After meeting with Australian government ministers in Edinburgh, Mr Hunt admitted Donald Trump “had a point” when he complained that some countries were not contributing enough. The US president used last week’s Nato summit to call for member countries to increase their defence spending to 4 per cent of GDP, double Nato’s existing target of 2 per cent.
Mr Hunt and his colleague Defence Secretary Gavin Williamson declined to say whether they thought the UK should go that far.
But Mr Hunt expressed frustration that some countries in the nuclear alliance were not contributing as much as others at time when Europe faced a threat from Russia. According to Nato figures, countries that exceed the 2 per cent target were: the US (3.6 per cent); Greece (2.2 per cent); Estonia (2.14 per cent); UK (2.10 per cent and Poland (2 per cent).
France spends 1.8 per cent and Germany 1.2 per cent.
Mr Hunt said: “Nato has been the foundation of peace in Europe since 1945, but any alliance needs to be based on fairness in terms of the contributions of the members of that alliance.
“He [Trump] singled out Britain as one of the five Nato countries that is meeting the 2 per cent target and he was effusive in his praise for doing that.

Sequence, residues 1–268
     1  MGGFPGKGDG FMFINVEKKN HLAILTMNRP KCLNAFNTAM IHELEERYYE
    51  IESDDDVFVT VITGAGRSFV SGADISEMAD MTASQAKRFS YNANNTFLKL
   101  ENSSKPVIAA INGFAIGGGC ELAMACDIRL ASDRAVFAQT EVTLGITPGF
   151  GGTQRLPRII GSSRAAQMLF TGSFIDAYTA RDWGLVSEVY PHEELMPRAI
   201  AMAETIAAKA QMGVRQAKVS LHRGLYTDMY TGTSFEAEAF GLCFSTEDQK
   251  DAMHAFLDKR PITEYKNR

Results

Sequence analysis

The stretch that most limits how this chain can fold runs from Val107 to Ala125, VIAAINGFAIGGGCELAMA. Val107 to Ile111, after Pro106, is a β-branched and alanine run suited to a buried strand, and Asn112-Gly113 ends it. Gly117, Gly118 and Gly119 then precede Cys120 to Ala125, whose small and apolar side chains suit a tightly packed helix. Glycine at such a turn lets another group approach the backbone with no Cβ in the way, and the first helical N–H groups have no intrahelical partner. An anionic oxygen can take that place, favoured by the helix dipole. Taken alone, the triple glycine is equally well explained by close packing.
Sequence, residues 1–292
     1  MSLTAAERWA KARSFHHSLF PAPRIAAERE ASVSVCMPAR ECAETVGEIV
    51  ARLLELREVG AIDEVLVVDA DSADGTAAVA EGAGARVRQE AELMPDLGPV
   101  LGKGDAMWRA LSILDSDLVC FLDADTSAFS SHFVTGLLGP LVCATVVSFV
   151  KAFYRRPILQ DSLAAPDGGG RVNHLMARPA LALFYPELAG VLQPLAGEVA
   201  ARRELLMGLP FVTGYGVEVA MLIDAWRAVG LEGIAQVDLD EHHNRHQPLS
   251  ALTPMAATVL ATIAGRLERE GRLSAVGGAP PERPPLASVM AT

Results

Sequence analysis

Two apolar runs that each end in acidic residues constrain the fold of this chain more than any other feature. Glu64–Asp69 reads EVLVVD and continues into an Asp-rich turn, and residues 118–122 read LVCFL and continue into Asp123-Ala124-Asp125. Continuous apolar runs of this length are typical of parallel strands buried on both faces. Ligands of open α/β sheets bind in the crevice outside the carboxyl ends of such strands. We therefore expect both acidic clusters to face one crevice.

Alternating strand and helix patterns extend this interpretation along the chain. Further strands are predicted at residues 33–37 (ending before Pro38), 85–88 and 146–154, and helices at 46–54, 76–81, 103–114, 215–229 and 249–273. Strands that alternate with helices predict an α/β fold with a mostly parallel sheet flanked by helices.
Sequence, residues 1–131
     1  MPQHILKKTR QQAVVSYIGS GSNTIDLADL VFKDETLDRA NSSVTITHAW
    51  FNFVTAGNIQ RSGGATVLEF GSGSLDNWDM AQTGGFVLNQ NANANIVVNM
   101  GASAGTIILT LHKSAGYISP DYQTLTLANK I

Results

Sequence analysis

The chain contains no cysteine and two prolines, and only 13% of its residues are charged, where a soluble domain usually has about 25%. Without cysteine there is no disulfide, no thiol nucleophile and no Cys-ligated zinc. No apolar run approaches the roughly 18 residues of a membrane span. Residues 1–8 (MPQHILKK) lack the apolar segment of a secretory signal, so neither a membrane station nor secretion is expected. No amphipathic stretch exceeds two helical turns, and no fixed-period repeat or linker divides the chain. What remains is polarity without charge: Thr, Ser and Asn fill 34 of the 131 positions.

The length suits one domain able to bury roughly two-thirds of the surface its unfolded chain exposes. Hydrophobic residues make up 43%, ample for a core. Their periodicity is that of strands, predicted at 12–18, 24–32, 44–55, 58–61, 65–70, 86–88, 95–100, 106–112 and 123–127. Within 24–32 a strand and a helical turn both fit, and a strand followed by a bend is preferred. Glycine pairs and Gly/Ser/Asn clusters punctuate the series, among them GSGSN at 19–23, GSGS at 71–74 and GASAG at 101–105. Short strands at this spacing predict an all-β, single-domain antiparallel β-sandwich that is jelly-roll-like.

“But in terms of other Nato countries who have not met that 2 per cent target or don’t even have a plan to meet that target, he has a point.
He added: “It is very, very important in terms of America’s role in the alliance that they think fair contributions are being made by everyone.”
Mr Hunt and Mr Williamson met Australian foreign minister Julie Bishop and defence minister Marise Payne to discuss post Brexit trade deals, including contingency planning for a “no deal” scenario.
Ms Bishop agreed that Mr Trump had a “valid point” on defence spending She said: “The United States makes a very valid point. We have discussed this at length... there must be more burden-sharing when it comes to defending international rules-based order, when it comes to enforcing the rules and norms, and when it comes to promoting and advocating peace and stability around the world.”
On Theresa May’s Chequers blueprint for Brexit, Mr Hunt said it was a “substantive offer” but would also need “imagination and flexibility”.